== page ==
I had great fun making some music for Amy Morvell’s new duet called Turtle Dove. All the sounds take their lead from some beautiful soundbites of people talking about love, that Amy had collected during her research. So rather writing music for contemporary dance on the theme of love, the musical tracks are inspired by the places and characters we hear in the text, and that is what makes it so varied!
Huge thank you to The Point for hosting a preview of my immersive sound exhibition The Choreography of Sound. The exhibition gave me an opportunity to test some of the recordings I have made while researching the project, and get some audience feedback on what has been successful so far.
Dancer Amy Morvell and I had a great time shooting some dance photography in Chichester last week. We started in the picturesque Priory Park, and then headed over to the University of Chichester for some studio shots.
Depicted through a David Lynch-esque filmic style, The Enormous Room portrays a relationship between a father and a daughter who are trying to deal with grief.
The soundtrack for The Enormous Room is a complex mix of dreamy nostalgic music and household sound FX. When I first met Stopgap’s Artistic Director, Lucy Bennett, to discuss her creative ideas I knew instantly that it would be a production in which i could really flex my sound design muscles. So in order to write my tracks for the show I divided the sound design into two aspects:
An internal soundtrack which creates a realistic, nostalgic and at times claustrophobic environment for the characters.
An external Soundtrack which is more musical, cinematic and heard “from above”.
(Continues after photo gallery)
Enormous Room- Stopgap Dance
I loved composing the music for the show. It’s a mix of synths and guitar quite unlike any other i have written for contemporary dance or theatre. It has almost a twin peaks feel to the reverb drenched guitar loops and distant vintage synth sounds.
For the more surreal moments such as Nadenh Poan’s utterly enthralling solo and the beautiful Rooftop Duet between Hannah and Christian, the percussive elements of the music are made from recordings of me drumming on kitchen utensils, pots and pans. In the second half of the show some of these rhythms return for Christian Brinklow’s solo, this time played on a wooden door to give a deeper more dream-like texture to the music.
Under the whole show is a track called the enormous room tone. This is an infinity looping, almost inaudible track of kitchen sounds, opening and closing doors/cupboards, fridge/freezer buzzes, kettles boiling and outside traffic. This track is to make sure that there is never true silence during the performance, keeping the audience immersed in the bizarre melancholy of the show.
The show is touring in 2017, please visit Stopgap Dance Company’s website for more details. http://stopgapdance.com
We have a section in They Live Next Door affectionately titled the Man Waltz, because the music is actually based on an Argentinian tango (which is obviously more manly than a waltz). After running the section in rehearsal Ieva (fully assured of the rationality of her request) asked me if I could play it so that it sounded more major but still in a minor key, which I couldn’t help but laugh at, particularly because it followed her direction to the dancers to speak less in order to say more.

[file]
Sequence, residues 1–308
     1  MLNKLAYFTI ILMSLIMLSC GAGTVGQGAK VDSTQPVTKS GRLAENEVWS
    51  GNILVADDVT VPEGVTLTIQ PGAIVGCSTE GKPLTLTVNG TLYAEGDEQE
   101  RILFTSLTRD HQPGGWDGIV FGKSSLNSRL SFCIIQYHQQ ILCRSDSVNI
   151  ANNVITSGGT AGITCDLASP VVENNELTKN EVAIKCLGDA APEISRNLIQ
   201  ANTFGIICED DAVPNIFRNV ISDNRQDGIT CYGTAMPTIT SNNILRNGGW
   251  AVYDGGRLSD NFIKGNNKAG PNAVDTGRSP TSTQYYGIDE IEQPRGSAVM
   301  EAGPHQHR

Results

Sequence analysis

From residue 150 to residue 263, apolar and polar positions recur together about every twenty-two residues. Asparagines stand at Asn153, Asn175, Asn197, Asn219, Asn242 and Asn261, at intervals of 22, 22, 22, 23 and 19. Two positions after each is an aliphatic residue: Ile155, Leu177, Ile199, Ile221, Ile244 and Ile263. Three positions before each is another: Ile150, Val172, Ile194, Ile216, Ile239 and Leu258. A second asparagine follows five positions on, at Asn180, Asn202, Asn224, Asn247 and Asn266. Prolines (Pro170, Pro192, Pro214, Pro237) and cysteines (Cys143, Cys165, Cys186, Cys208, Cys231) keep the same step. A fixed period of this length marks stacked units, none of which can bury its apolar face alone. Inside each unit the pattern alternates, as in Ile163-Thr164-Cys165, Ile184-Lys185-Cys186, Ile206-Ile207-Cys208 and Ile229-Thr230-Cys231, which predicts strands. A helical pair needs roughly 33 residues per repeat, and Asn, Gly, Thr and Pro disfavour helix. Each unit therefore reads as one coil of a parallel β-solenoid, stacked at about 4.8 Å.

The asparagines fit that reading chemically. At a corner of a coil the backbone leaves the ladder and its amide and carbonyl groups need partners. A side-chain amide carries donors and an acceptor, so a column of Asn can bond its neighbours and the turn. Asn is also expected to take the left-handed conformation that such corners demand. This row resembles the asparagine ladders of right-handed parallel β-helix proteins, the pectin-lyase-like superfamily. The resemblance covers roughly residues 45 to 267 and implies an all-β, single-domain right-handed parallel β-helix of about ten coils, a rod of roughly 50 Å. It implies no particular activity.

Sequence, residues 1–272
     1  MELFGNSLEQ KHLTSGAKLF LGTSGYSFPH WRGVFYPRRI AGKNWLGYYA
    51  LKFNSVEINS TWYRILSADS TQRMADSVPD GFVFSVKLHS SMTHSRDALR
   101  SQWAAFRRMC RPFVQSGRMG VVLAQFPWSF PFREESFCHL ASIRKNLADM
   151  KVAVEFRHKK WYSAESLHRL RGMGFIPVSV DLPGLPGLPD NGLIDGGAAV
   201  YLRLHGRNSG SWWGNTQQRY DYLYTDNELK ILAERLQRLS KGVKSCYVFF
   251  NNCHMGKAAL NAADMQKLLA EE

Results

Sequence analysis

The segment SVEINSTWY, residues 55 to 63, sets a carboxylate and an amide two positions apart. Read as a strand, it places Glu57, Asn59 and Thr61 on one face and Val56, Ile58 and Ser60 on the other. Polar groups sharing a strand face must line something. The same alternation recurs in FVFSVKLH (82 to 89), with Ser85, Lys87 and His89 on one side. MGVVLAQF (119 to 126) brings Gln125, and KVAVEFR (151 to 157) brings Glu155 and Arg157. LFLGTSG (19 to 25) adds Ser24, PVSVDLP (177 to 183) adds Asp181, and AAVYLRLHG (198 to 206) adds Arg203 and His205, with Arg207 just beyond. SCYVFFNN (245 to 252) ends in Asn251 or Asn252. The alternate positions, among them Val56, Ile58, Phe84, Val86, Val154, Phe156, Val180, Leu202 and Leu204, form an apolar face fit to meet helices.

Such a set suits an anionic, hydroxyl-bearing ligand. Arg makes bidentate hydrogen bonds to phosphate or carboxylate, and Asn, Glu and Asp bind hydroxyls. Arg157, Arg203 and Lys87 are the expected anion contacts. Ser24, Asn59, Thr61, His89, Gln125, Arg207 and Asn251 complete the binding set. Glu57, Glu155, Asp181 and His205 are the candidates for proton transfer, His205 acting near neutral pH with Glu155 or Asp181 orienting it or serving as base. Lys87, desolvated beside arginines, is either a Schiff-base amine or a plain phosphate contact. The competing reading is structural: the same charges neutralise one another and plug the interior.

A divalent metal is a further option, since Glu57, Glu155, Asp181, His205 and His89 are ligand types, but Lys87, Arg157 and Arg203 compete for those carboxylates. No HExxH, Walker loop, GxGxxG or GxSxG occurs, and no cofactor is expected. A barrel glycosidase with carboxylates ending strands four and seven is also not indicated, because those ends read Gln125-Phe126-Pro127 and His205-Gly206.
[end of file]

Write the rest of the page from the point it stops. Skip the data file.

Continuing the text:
On a more serious note the duet is shaping up to be a really powerful and beautiful piece, and it was lovely to get such positive feedback from our sharing with The Point staff on Friday. Nick Minns and Mark Boldin are absolutely fantastic performers.
Next week we’re off to Theatre in the Mill Bradford, to put the final touches on all the sections, transitions and finer details. All of the music is written now, so it’s just about making sure that the music and the sound design really support Ieva’s vision for the piece.
Watch this space…
PS. I did manage make it sound more major, whilst playing in the minor key, in case you’re wondering…
Last week I finished my second contemporary dance soundtrack of the year. This time it was for the lovely and talented Tim Casson who has made a family friendly piece on Stopgap‘s SG2 Company, called Night at the Theatre.
It’s a show about three unlikely characters (Hannah Sampson, Nadenh Poan and Connor Quill) accidentally stumbling into a theatre and becoming the stars of their own show. It has some hilarious moments in it, and some really beautiful dancing.
The set and lighting design is spectacular- creating the beautiful illusion of an old abandoned theatre. I’ve tried to match this with a sound design which includes creaking floorboard, and a draughty atmosphere. When the music for each section fades away the characters are always left in this sound design.
Some of the highlights are Dan’s dreamy solo (pictured at the top) which I created a track with windchimes and glockenspiels for, and Hannah’s Disco which has more funk than you can shake a stick at.
SG2 are an integrated dance company run by Stopgap, which means that their dancers are a mix of disabled and non-disabled dancers. I’ve worked with Nadenh and Hannah before when we worked with George Adams on Integrance a European cultural commission for disabled dancers. Both Hannah and Nadenh are really skilled dancers, so it was great to work with them again, and inspiring to see how much they continue to improve.